Today was Christmas in every meaning of the word… well, excluding the fact that Christ was born in June or July….but that’s not the point. Today was Christmas.
The past two days had eaten away at us, me especially. Dachary may have had that hard sugar crashy day, but last night I lay in bed lamenting the recent days. I was frustrated about our inability to just ride somewhere without constantly having to slow or stop for teeny towns and their topes, or the fact that you simply can’t go ten minutes down the road without encountering more people, topes, towns, hovels, topes, dogs, and more topes. Our hotel room last night had gone from having “character” to smelling like a cesspool, and as we were finishing packing the bikes I was wondering if maybe this whole adventure motorcycling through foreign countries thing wasn’t for me. Maybe I should have just done the Trans-America-Trail, or explore some of the Canadian wilderness in the summer.
But I had forgotten the power of Christmas.
We got to El Tajin around 9:30 after a quick trip to the ATM which we’d found while looking for food last night. We weren’t able to find food beforehand because, so far, it seems that Mexicans simply don’t open for business that early. But there is a minor sea of restaurants just outside the entrance to El Tajin and we went with the one whose waitress didn’t attack us with a menu before even getting our helmets off.
Surprise Christmas Breakfast.
El Tajin was spectacular. We have over 400 photos to go through. It was everything you hope an ancient ruin site to be, with the exception that you’re not allowed on any of the structures. We really wish they’d erect a stairway up the side of one… somewhere that didn’t really affect the view of it, but would let you get a feel for what it was like up there. But we had a blast. Only note for future visitors is they don’t allow video cameras for some reason. So, we said “No. No bideo,” and casually didn’t open the side pockets of our tank bags with our helmet cams. We use the still camera for our video anyway, but still no point in dealing with going back to the bikes or coat-checking them or whatever.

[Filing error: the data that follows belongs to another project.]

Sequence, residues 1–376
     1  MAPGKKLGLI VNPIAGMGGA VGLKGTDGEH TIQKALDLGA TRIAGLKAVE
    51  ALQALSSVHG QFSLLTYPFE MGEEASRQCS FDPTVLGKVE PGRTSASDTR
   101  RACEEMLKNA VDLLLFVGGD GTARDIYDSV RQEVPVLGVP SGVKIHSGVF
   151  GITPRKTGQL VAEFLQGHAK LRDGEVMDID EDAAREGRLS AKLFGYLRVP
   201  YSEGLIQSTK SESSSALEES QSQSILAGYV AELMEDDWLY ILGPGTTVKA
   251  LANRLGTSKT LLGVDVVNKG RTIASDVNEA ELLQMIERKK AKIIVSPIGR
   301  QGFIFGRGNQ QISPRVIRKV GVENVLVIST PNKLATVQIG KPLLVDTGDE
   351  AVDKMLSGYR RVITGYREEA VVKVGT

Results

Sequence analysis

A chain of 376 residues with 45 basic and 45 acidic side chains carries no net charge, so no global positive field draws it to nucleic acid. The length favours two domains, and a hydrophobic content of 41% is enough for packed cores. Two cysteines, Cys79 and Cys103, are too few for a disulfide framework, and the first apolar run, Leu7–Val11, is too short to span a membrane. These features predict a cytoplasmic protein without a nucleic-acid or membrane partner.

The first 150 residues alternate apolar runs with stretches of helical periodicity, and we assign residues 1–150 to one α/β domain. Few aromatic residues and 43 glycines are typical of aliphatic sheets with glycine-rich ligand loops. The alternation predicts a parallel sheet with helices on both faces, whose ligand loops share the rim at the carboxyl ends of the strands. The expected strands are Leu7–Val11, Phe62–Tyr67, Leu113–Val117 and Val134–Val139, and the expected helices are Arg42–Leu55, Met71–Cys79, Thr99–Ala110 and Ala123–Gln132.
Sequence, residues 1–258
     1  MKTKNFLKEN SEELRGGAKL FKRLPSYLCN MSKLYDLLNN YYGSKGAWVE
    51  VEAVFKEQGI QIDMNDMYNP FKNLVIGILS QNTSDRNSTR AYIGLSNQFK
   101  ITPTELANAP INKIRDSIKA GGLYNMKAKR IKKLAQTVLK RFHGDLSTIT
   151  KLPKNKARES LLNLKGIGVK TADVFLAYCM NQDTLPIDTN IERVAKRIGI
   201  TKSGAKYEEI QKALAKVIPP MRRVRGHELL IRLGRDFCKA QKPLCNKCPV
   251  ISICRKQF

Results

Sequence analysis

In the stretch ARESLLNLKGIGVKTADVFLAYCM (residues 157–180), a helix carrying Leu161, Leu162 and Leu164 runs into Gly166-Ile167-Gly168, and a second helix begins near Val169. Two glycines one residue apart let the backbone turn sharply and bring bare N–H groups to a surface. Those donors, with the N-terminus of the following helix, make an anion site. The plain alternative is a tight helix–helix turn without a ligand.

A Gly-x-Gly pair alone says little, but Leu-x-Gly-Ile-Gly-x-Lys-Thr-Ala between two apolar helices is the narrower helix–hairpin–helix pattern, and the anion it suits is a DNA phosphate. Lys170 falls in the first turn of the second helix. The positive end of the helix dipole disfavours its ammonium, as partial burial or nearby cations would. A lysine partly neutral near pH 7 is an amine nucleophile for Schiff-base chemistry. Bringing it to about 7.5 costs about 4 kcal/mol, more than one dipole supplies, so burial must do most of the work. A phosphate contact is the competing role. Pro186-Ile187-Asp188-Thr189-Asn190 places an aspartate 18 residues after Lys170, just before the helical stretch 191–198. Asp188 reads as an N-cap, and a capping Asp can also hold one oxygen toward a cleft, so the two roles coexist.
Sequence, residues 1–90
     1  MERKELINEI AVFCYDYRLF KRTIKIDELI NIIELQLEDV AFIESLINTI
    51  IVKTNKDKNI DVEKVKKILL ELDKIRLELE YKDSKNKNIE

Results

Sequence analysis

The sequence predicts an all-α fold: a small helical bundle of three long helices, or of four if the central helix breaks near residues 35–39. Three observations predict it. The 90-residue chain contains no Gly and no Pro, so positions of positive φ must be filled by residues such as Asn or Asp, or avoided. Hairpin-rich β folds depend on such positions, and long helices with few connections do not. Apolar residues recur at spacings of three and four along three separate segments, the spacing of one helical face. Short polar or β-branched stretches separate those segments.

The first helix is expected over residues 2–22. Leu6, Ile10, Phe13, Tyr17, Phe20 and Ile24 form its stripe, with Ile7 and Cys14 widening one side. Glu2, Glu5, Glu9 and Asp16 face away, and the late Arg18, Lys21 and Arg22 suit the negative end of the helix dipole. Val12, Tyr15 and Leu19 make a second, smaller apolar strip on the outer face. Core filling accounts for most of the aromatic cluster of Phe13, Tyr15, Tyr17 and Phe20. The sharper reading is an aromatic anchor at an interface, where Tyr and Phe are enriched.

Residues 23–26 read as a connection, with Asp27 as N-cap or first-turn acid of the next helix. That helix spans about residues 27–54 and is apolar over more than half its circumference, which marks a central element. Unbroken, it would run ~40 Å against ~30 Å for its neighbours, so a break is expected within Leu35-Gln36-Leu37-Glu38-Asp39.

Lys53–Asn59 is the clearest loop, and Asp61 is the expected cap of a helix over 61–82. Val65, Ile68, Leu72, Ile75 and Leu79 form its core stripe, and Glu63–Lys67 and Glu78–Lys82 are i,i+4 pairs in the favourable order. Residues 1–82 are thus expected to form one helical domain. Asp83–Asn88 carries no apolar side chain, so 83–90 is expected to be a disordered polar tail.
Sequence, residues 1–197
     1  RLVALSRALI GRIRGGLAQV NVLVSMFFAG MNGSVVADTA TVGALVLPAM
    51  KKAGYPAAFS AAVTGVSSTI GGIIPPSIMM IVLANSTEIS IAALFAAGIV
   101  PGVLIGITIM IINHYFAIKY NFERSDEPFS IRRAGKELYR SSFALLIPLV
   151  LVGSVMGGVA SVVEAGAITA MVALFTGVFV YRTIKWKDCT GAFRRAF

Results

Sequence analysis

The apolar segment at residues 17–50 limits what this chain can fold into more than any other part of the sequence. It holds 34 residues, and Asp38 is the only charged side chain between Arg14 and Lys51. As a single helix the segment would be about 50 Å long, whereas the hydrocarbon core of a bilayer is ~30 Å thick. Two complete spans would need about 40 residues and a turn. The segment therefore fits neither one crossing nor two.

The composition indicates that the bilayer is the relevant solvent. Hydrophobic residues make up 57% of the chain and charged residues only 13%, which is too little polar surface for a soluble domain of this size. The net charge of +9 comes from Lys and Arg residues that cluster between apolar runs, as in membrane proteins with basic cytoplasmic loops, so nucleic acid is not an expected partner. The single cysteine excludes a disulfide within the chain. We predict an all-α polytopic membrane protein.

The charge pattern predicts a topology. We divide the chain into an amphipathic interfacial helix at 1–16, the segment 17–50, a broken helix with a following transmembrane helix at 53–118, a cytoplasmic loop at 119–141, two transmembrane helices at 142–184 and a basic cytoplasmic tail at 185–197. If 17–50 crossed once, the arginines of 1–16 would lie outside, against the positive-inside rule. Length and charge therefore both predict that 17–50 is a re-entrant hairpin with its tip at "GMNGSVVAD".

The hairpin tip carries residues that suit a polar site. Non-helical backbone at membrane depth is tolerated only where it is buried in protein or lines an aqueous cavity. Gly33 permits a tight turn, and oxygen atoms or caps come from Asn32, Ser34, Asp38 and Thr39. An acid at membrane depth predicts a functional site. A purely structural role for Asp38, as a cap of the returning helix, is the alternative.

I’ve uploaded about 20 of the El Tajin Picture Set on Flickr so far and will add more as time and bandwidth allow, but here are some for your immediate gratification.
We hit the road, and because we were generally just concerned with heading southeast, and not how, we went that way found ourselves on the best road yet. Miles and miles of riding. Almost no houses, almost no topes, hardly any towns… Eventually the skies started to darken and when the hills in front of us started getting hazy and white we pulled over at an unfinished work-site and put our rain liners in our pants behind the building (such a pain) and set out again. Approximately forty-eight seconds later we hit the rain.
Having just donned our rain gear neither of us really wanted to get off and eat, but we knew we needed to soon. No more sugar-crashy Dacharys! So, after passing a number of people selling delicious smelling roast corn (and nothing else) we pulled in at the first place with carne (meat) on the sign.
We haven’t had great luck with restaurant food so far, but this was pretty, and decent, but I didn’t find it particularly inspiring. However, when we pulled up the people there started to move the tables so that we could pull our bikes under the porch overhang. Being drenched already we waved them off and assured them it was ok.
Christmas Kindness #1
We rode on, through a cute town and over the mountains gaining over 3000 feet in altitude through gorgeous curvy roads with beautiful misty sights. If only the curves weren’t all wet.
We came to a turn and followed the GPS, then decided, no, lets go back the other way and see if we can find a hotel. Little town, twist, turn. hmmm… Oh look, a cop. Pull over on a dinky street in front of her. “Donde esta el hotel.” confused looks…then eventually the light went off. “Hotel?” “Si”
“Turn around take a left, go three blocks, left again and you’ll find Hotel ??? it’s good and cheap. ” (only in Spanish)